SHARE
SANTA CLARA, CA - JANUARY 07: Quinnen Williams #92 of the Alabama Crimson Tide reacts against the Clemson Tigers in the CFP National Championship presented by AT&T at Levi's Stadium on January 7, 2019 in Santa Clara, California. (Photo by Christian Petersen/Getty Images)

College football is exciting because it’s not a copycat league like the National Football League. In college football, you will see a multitude of different offensive schemes and styles of play, but also the different traditions that come with every team and university. There’s the classic campuses, the roaring, the youthful energetic crowds and, of course, the unforgettable rivalries. But there’s also domination.

In week one, No. 1 ranked Clemson trounced Georgia Tech in Death Valley while No. 2 Alabama did much the same to Duke in Atlanta, which is basically the Crimson Tides’ second home. These weren’t surprises, they were givens, and unfortunately, when it comes to Clemson and Alabama, that’s something that is much too common in college football right now.

View this post on Instagram

Textbook. 📚 — 🐅 #ALLIN

A post shared by Clemson Football (@clemsonfb) on

Since 2016, Clemson and Alabama have played each other four times, once in the semi-finals of the College Football Playoff and the other three times in the National Championship. The past four National Champions have been either Clemson or Alabama, flip-flopping every other season with the most recent being Clemson. Alabama alone has been dominating the college football landscape, going all the way back to 2009, winning five National Championships since that time.

No matter what sports talk show you watch or listen to, most will say it’s Clemson and Alabama and everyone else is just, well, there. No one else seems even in the same league as the other two.

As a fan of college football, that’s disheartening.

Last years National Championship, which was Clemson and Alabama’s fourth meeting in five years, third in the title game, was the lowest rated National Championship game since the 2011-2012 title game that consisted of two SEC teams, with Louisiana State University and, you guessed it, Alabama. Alabama won. And if you look at the trend of lower-rated National Championship games, most of them are when two southeastern based teams are in the game, thus cutting off major markets from out west and the northeast. This only puts one geographical spot in the entire country that would seemingly care about the title game.

Yes, we all know that college football in the southern states is considered Saturday church, since it has a feel and texture to its very core of something special that’s not replicated anywhere else in the country. But that’s not the only issue. It’s also that, honestly, even in the south, there’s really only two teams to choose from.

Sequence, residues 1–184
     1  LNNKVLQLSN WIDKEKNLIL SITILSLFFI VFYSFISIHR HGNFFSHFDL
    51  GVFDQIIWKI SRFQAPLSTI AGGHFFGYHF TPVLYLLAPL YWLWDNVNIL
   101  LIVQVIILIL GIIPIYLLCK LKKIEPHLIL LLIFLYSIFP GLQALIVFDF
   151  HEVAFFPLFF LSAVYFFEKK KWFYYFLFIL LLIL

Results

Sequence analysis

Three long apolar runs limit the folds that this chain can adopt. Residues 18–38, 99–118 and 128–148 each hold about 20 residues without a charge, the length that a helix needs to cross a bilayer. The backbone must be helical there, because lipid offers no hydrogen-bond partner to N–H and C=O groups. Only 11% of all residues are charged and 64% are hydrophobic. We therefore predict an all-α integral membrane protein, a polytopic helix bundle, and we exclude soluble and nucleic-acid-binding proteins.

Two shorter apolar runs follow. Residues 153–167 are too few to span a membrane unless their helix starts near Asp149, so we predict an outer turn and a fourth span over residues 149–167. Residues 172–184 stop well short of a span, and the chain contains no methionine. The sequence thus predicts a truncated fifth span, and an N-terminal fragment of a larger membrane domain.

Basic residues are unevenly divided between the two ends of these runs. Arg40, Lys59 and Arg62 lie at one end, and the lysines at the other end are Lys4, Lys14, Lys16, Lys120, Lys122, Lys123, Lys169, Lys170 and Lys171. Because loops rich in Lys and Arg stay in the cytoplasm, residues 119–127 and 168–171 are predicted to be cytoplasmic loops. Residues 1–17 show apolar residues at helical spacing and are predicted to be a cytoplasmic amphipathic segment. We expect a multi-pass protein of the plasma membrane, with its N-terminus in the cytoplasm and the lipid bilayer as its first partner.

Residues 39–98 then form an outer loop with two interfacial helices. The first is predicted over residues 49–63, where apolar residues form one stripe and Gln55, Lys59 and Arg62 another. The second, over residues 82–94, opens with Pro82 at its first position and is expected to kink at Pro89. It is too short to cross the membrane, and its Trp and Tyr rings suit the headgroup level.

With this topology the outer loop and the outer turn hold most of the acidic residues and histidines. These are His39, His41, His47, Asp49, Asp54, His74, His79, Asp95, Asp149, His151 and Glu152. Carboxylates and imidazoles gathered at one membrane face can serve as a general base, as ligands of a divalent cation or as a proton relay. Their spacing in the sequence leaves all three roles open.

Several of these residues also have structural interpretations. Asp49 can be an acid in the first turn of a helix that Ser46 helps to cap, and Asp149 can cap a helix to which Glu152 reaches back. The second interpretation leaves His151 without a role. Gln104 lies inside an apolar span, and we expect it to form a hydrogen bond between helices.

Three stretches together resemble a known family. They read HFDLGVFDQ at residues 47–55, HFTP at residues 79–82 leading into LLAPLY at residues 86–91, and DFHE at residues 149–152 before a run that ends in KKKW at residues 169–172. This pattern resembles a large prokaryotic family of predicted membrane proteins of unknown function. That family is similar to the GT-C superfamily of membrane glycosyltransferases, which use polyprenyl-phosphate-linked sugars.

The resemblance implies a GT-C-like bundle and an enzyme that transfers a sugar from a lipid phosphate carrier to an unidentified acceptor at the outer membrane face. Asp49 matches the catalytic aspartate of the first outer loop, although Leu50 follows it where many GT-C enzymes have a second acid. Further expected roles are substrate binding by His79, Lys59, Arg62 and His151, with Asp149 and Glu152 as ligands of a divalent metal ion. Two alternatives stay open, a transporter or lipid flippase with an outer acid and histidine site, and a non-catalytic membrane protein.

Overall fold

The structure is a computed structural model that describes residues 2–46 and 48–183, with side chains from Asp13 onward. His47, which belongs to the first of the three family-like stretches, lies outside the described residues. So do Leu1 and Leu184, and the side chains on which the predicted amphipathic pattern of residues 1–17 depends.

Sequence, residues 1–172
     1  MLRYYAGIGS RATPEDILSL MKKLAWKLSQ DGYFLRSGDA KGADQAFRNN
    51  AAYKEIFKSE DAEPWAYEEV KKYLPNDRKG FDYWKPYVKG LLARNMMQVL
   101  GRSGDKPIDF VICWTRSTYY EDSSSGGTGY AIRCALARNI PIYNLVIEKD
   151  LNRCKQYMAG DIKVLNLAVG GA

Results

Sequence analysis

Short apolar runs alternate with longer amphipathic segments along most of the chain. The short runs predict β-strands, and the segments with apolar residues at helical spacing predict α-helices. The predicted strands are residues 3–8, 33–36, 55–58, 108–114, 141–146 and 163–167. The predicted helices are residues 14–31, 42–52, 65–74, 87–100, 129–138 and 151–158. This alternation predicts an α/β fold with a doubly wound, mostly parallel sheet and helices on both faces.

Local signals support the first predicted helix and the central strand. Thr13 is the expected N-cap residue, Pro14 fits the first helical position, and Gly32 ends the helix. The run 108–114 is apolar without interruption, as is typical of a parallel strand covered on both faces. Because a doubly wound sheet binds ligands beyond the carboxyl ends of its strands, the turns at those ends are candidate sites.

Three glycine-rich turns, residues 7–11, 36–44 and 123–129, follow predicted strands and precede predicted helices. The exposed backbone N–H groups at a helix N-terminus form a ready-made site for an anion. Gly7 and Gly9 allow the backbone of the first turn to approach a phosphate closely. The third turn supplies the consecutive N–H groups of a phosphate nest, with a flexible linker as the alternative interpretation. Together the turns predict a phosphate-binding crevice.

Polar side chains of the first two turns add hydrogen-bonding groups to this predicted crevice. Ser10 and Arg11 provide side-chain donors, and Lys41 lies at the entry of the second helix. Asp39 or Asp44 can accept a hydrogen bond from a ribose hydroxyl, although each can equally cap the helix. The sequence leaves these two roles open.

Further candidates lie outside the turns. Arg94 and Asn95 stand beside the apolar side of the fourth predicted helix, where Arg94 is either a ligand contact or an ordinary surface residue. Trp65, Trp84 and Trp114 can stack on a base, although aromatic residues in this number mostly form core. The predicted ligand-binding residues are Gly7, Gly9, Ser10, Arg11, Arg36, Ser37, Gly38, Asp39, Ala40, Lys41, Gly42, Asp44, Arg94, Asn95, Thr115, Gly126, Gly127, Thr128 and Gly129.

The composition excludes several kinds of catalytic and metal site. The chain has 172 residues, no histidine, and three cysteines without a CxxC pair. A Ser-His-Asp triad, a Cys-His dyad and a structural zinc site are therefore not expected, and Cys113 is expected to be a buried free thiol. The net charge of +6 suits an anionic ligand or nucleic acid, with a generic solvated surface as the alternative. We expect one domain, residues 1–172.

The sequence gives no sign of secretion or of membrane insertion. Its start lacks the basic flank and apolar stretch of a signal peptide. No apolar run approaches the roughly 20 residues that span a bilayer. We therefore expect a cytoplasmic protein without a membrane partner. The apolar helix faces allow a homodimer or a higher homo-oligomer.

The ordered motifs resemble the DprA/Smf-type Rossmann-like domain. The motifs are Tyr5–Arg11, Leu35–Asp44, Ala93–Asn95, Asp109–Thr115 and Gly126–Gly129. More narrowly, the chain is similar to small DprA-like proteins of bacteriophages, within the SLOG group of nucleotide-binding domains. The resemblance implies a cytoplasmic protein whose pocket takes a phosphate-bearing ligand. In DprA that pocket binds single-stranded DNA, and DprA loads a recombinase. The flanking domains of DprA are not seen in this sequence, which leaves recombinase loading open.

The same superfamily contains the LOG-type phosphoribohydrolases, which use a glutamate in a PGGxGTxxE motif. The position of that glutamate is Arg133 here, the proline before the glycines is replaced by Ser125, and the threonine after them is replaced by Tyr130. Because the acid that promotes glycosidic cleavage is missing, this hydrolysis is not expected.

Is this the NBA? Or, well, maybe the former NBA that consisted of only two viable teams to compete for an NBA championship: the Golden State Warriors and whatever team had LeBron James. The NBA — until this past offseason full of free agency moves that helped diversify the league more than it has been in years — was an extremely top-heavy league where you knew it was going to come down to two teams every year. It was a given.

Here’s the deal: a sequel is fun and surprising, a trilogy can be great, a quadrilogy or tetralogy is unexpected, but not necessarily needed, and a pentalogy is just getting ridiculous. When you start getting into a fifth part of a franchise, it’s watered down and tiresome, with little story left to tell — even in sports. Rocky V couldn’t even do it, and everyone loves Rocky. Clemson and Alabama are becoming the horror movie franchise of sports right now, because just like we don’t need another Saw movie, no one wants to see these two teams face each other again. This isn’t to say both of these teams can’t be fun to watch, even beatable by some of the teams they play. It’s that watching the same story play out over and over again, no matter what situation it is, sport, movie or television, it starts to lose interest when the outcome appears automatic.

The question becomes — who can beat these two dominant forces and take them out of the playoff? Of course, it’s hard to compete against big money schools who pay top notch for coaching staffs like Clemson and Alabama have. That’s one issue. The other is — who is left? What coordinator is the next great coach and if he could be the next great coach, would he even have enough time to prove it before the university fires him for not producing in year two? Nick Saban is the standard, even if some universities don’t want to admit it, but that’s the reality. Every athletic director since about 2010 has been in search of the next Saban — which doesn’t exist — and have gauged productivity by “Saban-metrics,” to rebuild a program in two years and dominate for the next decade.

It took Dabo Swinney longer than expected at Clemson and Saban failing in the NFL to become great, but both are dominating the game of college football now and for the foreseeable future. Hopefully, there’s some team that can compete with these powerhouses and knock them out of contention, but it may first take a lot of investment to make that happen. But as of right now, everyone is expecting the Tide and Tigers to be facing off in New Orleans on January 13 at the Mercedes-Benz Superdome.